The characters in this tale are men and women molded by the harsh elements of the Florida Everglades–an isolated breed, descendants of renegades and pioneers, who have only their grit, instinct, and tradition to wield against the obliterating forces of twentieth-century progress: Speck Daniels, moonshiner and alligator poacher turned gunrunner; Sally Brown, who struggles to escape the racism and shame of her local family; R. B. Collins, known as Chicken, crippled by drink and rage, who is the custodian of Watson secrets; Watson Dyer, the unacknowledged namesake with designs on the remote Watson homestead hidden in the wild rivers; and Henry Short, a black man and unwilling member of the group of armed island men who awaited E. J. Watson in the silent twilight. Only a storyteller of Peter Matthiessen’s dazzling artistry could capture the beauty and strangeness of life on this lawless frontier while probing deeply into its underlying tragedy: the brutal destruction of the land in the name of progress, and the racism that infects the heart of New World history.
“Watson’s voice is an artistic triumph. . .[Bone by Bone] may well come to be regarded as a classic.” —San Francisco Chronicle Book Review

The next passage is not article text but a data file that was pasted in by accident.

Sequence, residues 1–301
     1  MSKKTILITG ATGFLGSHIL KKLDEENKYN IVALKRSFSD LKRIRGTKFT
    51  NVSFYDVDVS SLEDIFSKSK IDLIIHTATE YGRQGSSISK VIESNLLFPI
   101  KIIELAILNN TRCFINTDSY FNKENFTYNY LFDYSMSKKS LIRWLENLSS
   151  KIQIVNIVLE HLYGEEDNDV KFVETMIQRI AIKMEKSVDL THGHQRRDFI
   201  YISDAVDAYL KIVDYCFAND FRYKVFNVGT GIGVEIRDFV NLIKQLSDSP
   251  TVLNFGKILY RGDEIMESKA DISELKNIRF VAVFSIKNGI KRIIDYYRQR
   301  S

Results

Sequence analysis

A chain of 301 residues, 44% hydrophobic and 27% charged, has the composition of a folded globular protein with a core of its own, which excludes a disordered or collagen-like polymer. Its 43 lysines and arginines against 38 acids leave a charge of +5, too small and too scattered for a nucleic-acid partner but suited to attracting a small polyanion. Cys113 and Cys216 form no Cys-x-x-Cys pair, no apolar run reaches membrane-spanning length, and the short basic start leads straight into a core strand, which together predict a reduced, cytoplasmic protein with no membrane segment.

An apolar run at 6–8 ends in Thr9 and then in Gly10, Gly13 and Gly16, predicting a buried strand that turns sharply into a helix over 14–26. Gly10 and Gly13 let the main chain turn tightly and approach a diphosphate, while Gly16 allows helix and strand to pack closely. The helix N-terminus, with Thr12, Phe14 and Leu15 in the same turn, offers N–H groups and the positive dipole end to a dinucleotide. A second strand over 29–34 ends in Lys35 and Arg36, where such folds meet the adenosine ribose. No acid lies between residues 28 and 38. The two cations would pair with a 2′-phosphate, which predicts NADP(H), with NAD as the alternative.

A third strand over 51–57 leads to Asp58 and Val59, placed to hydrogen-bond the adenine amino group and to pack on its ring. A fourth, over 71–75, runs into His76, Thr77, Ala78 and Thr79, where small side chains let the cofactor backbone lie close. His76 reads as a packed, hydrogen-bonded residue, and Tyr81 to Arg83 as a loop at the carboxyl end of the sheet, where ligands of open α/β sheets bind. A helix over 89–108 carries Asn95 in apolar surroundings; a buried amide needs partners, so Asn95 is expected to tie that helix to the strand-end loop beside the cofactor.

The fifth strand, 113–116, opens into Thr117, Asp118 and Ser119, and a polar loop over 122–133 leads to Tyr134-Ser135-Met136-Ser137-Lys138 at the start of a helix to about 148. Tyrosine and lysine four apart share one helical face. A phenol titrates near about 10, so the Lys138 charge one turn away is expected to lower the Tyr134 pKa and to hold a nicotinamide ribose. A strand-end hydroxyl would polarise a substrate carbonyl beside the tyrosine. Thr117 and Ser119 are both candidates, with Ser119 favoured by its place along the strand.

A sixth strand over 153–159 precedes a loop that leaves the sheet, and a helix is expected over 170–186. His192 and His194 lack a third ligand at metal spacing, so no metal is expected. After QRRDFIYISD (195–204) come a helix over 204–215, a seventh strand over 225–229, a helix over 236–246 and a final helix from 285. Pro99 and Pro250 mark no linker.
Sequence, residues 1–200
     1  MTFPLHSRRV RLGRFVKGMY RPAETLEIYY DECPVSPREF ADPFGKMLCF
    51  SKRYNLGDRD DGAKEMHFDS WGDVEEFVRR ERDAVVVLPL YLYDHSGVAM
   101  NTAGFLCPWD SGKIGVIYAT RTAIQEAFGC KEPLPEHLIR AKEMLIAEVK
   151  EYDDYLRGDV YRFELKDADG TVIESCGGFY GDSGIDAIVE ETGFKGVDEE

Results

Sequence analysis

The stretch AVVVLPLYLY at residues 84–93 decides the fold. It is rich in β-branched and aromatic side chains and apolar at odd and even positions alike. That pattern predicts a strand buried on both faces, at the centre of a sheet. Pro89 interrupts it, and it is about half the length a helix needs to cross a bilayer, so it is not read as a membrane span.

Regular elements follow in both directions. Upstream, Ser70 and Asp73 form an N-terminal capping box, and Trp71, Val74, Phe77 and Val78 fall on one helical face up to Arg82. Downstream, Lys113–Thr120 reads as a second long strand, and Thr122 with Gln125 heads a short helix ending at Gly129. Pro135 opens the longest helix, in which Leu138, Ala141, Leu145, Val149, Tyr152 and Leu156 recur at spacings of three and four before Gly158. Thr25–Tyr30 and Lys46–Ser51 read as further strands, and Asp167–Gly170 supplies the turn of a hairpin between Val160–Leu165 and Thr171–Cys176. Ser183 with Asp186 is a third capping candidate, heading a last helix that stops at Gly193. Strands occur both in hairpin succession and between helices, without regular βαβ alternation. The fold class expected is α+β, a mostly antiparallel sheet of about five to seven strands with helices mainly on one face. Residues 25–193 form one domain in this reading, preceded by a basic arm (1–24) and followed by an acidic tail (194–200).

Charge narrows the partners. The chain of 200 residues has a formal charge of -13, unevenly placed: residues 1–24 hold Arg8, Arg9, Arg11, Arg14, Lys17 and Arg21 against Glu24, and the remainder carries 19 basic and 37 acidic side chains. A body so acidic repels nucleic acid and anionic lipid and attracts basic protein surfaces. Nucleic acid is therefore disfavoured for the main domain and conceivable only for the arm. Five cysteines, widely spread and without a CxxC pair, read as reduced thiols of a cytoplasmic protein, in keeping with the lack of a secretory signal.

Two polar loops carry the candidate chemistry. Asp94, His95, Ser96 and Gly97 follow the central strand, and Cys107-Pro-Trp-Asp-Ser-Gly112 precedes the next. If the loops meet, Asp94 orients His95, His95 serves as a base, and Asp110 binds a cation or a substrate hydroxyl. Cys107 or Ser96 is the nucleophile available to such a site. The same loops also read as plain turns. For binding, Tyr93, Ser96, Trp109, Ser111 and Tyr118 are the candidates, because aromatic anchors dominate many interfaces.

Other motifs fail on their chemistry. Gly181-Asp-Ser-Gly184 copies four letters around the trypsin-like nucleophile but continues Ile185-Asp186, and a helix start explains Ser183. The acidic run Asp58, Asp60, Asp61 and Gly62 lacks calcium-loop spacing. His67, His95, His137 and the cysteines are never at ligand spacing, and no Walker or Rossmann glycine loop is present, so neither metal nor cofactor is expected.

In Bone by Bone, Peter Matthiessen speaks in the extraordinary voice of the enigmatic and dangerous E. J. Watson, whom we first saw, obliquely, through the eyes of his early twentieth-century Everglades community in Killing Mister Watson.
This astonishing new novel, calling to account the violence, virulent racism, and destruction of the land that fueled the so-called American Dream, points an accusing finger straight into the burning eyes of Uncle Sam. Here is the bloodied child of the Civil War and Reconstruction who dreams of recovering the family plantation. He becomes the gifted cane planter nearing success on a wilderness river when he gives in fatally to his accumulating demons. Powerfully imagined, prodigiously detailed, Bone by Bone is a literary tour de force as bold and ambitious as Watson himself.
“Like a true tragic figure, [Watson] knows and understands; he does not wriggle to save his own skin,” said The New York Times. “This is a work of genuine dignity.”
Releases April 8, 2014
A profoundly searching new novel by a writer of incomparable range, power, and achievement.